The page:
Triple Pelvic Osteotomy Recovery in Dogs

The dog will need several weeks before it is able to walk confidently again, and will need regular physiotherapy in order to regain full mobility (though owners will normally notice vastly improved joint stability within the space of four weeks). For this reason, the vet will want to book follow-up appointments in order to conduct the physiotherapy and to check that the animal is healing properly. The majority of dogs will make a full recovery within the space of four to six weeks, with the femoral head becoming seated much deeper within the hip joint as more time goes by. Obviously, the owners of the dog will have to restrict their activity for some time following the surgery in order to prevent the sutures from being torn out of the incisions, as well as ensure that the dog receives regular doses of painkillers.

arrow-up-icon

Top

Cost of Triple Pelvic Osteotomy in Dogs

For the procedure to be carried out on both hips, most dog owners can expect to pay in the region of $3,000. The bulk of this cost is due to the extensive time and attention to detail required of the surgeons. In contrast, a full hip replacement can have a price of over $4,5000 due to the expense of obtaining and installing suitable prosthetics. It is worth bearing in mind that if the dog requires additional physiotherapy, this too can increase the cost of treatment by several hundred dollars.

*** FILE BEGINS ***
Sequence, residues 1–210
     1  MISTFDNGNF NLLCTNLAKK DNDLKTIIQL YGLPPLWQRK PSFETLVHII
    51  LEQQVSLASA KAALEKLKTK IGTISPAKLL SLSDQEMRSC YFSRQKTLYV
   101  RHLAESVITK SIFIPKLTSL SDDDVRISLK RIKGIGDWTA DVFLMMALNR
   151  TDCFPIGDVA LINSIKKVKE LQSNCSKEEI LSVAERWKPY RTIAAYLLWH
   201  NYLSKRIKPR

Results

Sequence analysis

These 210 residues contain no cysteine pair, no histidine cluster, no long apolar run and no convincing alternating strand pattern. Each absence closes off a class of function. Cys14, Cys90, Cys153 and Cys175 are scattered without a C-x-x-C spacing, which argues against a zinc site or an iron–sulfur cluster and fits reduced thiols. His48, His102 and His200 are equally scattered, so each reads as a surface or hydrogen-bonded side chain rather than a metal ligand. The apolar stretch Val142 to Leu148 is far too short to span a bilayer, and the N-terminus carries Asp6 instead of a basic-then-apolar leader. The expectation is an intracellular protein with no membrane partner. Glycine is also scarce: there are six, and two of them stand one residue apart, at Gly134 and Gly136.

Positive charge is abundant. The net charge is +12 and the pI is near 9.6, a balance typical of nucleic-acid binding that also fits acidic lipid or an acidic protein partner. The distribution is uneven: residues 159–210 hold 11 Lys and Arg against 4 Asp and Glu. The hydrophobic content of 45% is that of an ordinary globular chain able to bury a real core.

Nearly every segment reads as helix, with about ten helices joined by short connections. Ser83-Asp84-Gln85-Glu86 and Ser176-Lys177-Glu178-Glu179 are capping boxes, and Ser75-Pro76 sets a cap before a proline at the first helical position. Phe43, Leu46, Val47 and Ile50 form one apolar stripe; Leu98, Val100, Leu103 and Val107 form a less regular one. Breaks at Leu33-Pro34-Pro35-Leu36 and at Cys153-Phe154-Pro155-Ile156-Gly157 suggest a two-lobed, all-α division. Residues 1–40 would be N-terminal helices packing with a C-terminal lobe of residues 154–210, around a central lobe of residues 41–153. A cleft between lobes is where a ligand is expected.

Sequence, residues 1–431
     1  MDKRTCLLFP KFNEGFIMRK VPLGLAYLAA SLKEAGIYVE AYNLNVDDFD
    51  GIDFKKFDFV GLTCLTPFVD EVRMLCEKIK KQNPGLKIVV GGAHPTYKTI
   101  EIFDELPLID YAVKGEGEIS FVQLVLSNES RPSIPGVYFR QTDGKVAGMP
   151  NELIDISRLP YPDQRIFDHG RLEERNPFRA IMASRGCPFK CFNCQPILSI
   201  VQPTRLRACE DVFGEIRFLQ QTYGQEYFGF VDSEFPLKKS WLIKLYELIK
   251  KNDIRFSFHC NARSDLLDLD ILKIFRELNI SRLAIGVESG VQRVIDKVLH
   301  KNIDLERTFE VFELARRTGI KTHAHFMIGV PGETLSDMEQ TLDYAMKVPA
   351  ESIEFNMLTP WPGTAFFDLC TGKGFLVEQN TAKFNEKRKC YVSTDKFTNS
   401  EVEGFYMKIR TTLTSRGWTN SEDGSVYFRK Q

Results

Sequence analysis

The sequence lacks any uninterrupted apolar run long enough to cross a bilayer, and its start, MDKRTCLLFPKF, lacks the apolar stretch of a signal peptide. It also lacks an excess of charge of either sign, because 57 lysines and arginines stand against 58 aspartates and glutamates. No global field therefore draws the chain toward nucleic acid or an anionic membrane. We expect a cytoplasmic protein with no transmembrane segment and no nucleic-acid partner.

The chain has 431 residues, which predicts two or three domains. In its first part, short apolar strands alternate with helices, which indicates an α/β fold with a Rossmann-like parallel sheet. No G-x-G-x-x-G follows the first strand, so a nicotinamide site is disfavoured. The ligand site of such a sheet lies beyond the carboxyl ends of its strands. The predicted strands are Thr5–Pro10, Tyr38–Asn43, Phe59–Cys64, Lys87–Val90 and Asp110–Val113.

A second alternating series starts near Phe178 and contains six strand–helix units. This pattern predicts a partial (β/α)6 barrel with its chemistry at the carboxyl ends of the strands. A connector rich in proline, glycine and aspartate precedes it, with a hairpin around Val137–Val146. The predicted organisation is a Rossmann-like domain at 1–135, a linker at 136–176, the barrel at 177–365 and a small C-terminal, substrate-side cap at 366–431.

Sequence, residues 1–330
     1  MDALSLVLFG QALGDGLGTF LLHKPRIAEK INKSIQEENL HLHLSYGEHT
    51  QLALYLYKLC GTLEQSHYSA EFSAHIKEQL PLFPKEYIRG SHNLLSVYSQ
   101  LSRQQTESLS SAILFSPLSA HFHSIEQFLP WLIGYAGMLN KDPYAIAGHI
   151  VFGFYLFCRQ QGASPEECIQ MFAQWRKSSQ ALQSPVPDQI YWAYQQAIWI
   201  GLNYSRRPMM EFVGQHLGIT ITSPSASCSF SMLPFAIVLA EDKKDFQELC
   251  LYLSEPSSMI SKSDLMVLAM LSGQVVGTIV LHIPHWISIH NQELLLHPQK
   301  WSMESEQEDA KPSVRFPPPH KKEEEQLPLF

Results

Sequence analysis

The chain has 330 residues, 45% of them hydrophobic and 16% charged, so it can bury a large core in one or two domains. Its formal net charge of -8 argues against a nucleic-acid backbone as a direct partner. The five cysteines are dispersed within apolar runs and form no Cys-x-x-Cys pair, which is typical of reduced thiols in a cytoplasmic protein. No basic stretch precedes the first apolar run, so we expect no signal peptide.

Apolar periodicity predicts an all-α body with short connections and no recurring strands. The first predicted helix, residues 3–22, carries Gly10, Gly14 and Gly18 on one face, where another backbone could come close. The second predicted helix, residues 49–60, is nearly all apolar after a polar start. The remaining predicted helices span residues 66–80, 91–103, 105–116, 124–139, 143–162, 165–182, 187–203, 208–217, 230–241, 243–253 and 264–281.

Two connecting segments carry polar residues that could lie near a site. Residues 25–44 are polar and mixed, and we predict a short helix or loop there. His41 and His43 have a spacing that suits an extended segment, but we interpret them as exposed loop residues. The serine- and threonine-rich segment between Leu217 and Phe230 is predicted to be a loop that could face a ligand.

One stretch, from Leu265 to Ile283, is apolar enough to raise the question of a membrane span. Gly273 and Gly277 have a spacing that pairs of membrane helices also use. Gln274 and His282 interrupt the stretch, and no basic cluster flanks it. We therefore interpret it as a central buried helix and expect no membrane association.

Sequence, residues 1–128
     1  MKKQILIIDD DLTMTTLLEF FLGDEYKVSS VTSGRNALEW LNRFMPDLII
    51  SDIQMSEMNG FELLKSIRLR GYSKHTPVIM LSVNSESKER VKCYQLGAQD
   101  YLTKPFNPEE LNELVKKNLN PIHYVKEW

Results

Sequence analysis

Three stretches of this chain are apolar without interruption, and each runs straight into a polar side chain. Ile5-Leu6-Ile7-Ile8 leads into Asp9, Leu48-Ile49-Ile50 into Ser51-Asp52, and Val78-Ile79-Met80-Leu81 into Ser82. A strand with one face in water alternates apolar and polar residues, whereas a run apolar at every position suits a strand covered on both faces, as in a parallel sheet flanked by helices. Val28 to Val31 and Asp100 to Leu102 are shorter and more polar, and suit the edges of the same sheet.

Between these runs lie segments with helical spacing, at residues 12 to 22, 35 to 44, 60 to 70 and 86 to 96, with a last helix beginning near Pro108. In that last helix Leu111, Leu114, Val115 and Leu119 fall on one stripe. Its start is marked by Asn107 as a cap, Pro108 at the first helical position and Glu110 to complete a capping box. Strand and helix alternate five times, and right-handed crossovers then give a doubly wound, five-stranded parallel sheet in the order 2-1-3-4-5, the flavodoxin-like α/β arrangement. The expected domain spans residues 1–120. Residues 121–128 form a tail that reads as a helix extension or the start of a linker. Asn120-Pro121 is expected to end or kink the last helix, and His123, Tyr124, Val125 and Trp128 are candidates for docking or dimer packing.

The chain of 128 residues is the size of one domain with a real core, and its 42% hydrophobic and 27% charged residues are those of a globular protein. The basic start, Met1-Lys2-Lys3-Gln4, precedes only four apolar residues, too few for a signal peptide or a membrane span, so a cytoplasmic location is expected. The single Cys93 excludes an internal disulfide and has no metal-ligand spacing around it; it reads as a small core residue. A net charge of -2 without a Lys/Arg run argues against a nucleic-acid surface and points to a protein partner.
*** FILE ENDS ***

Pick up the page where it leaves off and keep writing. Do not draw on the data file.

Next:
arrow-up-icon

Top

Worried about the cost of Triple Pelvic Osteotomy treatment?

Pet Insurance covers the cost of many common pet health conditions. Prepare for the unexpected by getting a quote from top pet insurance providers.

Dog Triple Pelvic Osteotomy Considerations

Although the triple pelvic osteotomy is extremely effective at treating hip dysplasia in younger dogs, some owners may feel somewhat squeamish at the prospect of having such a major surgery conducted on a puppy. The main source of worry is that the re-shaped pelvis will cause pain and discomfort as the animal continues to grow. Fortunately, these fears are unfounded, as the joins between the hip bones and the rest of the pelvis will only strengthen as time passes, improving the overall stability of the area. It is also worth pointing out that as the dog undergoes physiotherapy and starts to exercise again, their musculature will adapt to their new bone structure.

arrow-up-icon

Top

Triple Pelvic Osteotomy Prevention in Dogs